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Striving to Survive
By Roger A. Storey
As the popularity of aviation as a career and as a hobby increases, so does the concern for safety. One such concern is survival after a crash. As a Survival Instructor with the Civil Aerospace Medical Institute's Airman Education Division, I am often asked: "What is the most important piece of equipment to have in a survival situation?" The answer is simple: Me.

In any survival situation, there will be specific priorities. The priorities will include medical first-aid, shelter from the elements, rest, water, and food. The order of importance you place on each of these priorities will be dictated by each situation. For instance, the priorities for a pilot forced into a survival situation in rural Missouri during the month of August will vary from a pilot who has to survive in Northern Michigan during January. One thing is for certain, without a "will to survive," there can be no survival. If you do not have a desire to survive, there is no equipment made that will help you survive.

There are two simple, but important, ways you can increase your chances of survival. These involve preparation- before you ever find yourself in an actual survival situation. The first is to admit to yourself that "It Can Happen To Me." The next step is to prepare yourself, both mentally and physically. It is not enough to prepare mentally if you cannot withstand the physical requirements of a survival situation.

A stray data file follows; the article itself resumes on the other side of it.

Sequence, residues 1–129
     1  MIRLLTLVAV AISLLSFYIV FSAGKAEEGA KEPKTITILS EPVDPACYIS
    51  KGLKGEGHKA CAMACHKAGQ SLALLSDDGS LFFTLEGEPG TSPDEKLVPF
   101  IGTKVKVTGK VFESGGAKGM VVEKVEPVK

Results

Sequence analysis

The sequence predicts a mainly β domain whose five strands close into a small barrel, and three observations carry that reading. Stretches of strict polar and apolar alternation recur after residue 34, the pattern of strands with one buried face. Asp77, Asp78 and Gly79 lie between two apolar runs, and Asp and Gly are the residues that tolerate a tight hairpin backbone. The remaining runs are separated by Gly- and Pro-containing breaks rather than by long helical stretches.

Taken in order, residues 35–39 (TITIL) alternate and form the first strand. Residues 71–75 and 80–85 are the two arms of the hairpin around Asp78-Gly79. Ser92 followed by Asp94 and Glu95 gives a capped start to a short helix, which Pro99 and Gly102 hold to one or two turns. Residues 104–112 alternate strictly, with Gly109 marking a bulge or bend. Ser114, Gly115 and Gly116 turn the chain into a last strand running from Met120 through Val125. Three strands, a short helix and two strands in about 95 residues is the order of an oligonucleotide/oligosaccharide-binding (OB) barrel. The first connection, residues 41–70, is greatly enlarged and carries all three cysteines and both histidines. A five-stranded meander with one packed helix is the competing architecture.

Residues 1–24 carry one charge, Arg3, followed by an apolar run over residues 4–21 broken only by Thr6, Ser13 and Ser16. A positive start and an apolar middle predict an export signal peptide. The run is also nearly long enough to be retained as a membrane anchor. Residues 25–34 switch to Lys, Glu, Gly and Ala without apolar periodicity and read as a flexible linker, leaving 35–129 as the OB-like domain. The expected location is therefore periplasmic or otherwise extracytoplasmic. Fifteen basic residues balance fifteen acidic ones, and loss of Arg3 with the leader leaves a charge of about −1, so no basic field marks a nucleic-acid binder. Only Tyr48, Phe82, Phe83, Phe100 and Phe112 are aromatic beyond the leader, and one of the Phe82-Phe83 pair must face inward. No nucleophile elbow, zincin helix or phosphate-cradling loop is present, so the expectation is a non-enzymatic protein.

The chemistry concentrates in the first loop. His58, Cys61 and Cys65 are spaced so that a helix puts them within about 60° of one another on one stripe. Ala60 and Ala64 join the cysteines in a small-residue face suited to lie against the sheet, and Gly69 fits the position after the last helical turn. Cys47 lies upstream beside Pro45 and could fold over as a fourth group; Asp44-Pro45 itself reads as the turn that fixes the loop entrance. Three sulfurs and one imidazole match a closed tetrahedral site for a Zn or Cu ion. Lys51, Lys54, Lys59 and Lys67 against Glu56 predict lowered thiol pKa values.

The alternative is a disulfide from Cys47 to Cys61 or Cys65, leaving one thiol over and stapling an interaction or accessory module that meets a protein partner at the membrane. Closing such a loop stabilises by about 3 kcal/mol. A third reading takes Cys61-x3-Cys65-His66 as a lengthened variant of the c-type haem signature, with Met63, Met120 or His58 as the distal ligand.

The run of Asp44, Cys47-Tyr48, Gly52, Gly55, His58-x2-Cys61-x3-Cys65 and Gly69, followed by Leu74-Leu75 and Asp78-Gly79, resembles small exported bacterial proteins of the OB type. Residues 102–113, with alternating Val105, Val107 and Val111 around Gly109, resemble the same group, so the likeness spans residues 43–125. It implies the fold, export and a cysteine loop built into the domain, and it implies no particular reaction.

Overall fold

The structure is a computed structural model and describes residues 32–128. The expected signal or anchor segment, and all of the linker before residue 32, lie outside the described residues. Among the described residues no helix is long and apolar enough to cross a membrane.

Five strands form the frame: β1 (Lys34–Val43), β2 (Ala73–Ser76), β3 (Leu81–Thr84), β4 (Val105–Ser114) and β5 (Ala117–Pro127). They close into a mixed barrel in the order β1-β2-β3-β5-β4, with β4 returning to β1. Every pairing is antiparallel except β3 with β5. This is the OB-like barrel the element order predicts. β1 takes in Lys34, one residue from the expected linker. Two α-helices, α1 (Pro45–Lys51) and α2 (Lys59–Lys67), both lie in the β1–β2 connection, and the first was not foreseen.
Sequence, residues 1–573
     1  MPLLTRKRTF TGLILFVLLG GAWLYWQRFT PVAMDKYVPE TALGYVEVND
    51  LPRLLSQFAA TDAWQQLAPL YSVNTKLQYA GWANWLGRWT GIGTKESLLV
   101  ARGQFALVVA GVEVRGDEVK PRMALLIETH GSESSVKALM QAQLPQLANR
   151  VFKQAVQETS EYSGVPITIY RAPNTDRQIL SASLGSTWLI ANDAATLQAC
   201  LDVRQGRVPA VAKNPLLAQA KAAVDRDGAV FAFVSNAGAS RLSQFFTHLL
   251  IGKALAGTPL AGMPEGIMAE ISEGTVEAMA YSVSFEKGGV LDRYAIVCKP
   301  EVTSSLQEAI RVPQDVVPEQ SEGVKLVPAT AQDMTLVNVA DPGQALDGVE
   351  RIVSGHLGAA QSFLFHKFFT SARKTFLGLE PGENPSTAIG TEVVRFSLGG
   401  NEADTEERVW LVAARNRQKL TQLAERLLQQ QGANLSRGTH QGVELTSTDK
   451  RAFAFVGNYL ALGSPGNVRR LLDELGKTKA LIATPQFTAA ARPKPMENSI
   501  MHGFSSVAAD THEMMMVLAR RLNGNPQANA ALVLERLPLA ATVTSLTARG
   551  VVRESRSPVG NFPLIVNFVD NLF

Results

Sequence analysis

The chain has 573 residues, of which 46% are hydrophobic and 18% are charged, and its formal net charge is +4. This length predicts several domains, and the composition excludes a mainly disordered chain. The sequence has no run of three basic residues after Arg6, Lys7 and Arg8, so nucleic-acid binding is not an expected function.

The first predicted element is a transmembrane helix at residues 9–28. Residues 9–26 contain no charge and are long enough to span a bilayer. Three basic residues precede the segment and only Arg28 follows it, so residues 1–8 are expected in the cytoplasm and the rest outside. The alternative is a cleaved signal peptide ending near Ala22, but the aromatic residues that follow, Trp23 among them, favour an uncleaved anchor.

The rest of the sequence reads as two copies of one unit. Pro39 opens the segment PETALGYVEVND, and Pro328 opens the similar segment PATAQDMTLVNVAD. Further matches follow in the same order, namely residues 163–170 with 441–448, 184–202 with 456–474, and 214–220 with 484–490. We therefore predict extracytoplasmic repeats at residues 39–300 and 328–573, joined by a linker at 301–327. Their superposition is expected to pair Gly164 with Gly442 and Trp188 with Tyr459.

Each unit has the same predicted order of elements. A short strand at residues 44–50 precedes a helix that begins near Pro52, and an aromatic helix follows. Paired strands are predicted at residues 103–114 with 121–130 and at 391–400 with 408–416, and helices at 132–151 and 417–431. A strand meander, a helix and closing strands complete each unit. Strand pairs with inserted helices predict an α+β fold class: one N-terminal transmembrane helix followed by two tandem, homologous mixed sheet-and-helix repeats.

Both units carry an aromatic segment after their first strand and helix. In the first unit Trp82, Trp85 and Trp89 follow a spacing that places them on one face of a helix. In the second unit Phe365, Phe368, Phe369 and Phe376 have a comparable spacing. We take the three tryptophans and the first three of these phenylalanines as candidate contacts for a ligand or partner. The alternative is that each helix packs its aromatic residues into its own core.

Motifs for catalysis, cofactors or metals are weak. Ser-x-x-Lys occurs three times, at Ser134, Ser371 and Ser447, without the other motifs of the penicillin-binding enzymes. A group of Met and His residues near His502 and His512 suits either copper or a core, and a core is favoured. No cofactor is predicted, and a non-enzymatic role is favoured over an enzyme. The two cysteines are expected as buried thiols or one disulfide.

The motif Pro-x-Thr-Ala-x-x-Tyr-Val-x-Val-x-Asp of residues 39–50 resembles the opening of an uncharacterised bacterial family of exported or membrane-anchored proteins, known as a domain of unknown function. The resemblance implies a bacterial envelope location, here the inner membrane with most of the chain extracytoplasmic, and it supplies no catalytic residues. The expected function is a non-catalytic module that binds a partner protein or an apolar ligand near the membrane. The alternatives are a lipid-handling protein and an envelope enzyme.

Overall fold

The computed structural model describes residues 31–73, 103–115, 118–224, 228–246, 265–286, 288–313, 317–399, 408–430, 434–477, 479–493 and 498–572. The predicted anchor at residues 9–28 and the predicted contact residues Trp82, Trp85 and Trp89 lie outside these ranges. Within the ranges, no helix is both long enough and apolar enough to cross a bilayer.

The mental preparation can come in the form of educational courses, books, or conversations. There are all kinds of survival courses conducted around the United States that deal specifically with the climate, terrain, and many other factors that you may be exposed to in each region. Along with these courses, there are a great number of books on survival techniques for the dessert, arctic, and sea. You can find these at most bookstores or at the library. Another way to gain knowledge is to ask people who have been through a survival situation what to expect. Training also includes learning how to use, or just practicing, the use of survival gear you may already have.

Preparing yourself, physically, for a survival situation depends greatly on the shape you are in now. Keep in mind that your situation may require you to walk, climb, or even carry a fellow crewmember or passenger a distance. You will want to be as physically fit as you would expect the person, who might have to carry you, to be.

By improving your knowledge and physical capabilities, you will also increase your confidence, which will benefit you a great deal. The more informed you are about your own capabilities and on the climate and terrain over which you fly, the easier it will be to decide which equipment will best suit your needs to take aboard your aircraft. Another good idea is to visit a local camping supply store in your area. A few of the items that are generally available are:
  • Ponchos (raincoat and/or shelter)
  • A good knife
  • Iodine tablets (water purification)
  • Solar blankets
  • Leatherman tool kit
  • Signaling equipment
  • First-aid kits
  • Compass
  • Snake bite kit
  • Metal matches

Mr. Storey is an instructor in CAMI's Airman Education Programs Branch.

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